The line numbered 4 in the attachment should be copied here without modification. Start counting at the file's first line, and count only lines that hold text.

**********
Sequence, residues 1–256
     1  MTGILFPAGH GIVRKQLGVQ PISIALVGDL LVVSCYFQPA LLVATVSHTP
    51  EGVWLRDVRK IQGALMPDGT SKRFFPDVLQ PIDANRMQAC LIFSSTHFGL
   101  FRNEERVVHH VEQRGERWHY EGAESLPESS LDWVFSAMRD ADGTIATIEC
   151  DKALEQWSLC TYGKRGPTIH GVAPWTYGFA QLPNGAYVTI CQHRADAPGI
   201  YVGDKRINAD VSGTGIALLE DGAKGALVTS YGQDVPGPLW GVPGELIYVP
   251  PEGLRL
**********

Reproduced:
   101  FRNEERVVHH VEQRGERWHY EGAESLPESS LDWVFSAMRD ADGTIATIEC